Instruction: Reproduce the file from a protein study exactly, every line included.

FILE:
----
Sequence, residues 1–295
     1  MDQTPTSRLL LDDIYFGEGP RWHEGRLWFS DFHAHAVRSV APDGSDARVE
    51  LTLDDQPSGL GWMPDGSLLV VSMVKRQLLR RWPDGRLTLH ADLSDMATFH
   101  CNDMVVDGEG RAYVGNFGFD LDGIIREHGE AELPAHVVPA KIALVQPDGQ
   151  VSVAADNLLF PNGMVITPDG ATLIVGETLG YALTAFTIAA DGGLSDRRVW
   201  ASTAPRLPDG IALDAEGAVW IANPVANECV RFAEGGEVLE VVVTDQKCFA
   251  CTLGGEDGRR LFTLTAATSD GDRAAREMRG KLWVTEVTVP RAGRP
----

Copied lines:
Sequence, residues 1–295
     1  MDQTPTSRLL LDDIYFGEGP RWHEGRLWFS DFHAHAVRSV APDGSDARVE
    51  LTLDDQPSGL GWMPDGSLLV VSMVKRQLLR RWPDGRLTLH ADLSDMATFH
   101  CNDMVVDGEG RAYVGNFGFD LDGIIREHGE AELPAHVVPA KIALVQPDGQ
   151  VSVAADNLLF PNGMVITPDG ATLIVGETLG YALTAFTIAA DGGLSDRRVW
   201  ASTAPRLPDG IALDAEGAVW IANPVANECV RFAEGGEVLE VVVTDQKCFA
   251  CTLGGEDGRR LFTLTAATSD GDRAAREMRG KLWVTEVTVP RAGRP